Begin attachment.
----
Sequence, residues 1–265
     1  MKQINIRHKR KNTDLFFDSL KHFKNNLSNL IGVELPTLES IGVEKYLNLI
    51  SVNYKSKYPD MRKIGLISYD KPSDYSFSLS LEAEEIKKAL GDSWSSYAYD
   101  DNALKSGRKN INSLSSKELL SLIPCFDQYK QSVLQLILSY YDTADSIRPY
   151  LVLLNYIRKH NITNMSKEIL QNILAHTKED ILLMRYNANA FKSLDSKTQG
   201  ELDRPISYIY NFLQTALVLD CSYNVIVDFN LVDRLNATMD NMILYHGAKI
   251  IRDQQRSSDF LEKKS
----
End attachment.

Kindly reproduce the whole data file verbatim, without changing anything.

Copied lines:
Sequence, residues 1–265
     1  MKQINIRHKR KNTDLFFDSL KHFKNNLSNL IGVELPTLES IGVEKYLNLI
    51  SVNYKSKYPD MRKIGLISYD KPSDYSFSLS LEAEEIKKAL GDSWSSYAYD
   101  DNALKSGRKN INSLSSKELL SLIPCFDQYK QSVLQLILSY YDTADSIRPY
   151  LVLLNYIRKH NITNMSKEIL QNILAHTKED ILLMRYNANA FKSLDSKTQG
   201  ELDRPISYIY NFLQTALVLD CSYNVIVDFN LVDRLNATMD NMILYHGAKI
   251  IRDQQRSSDF LEKKS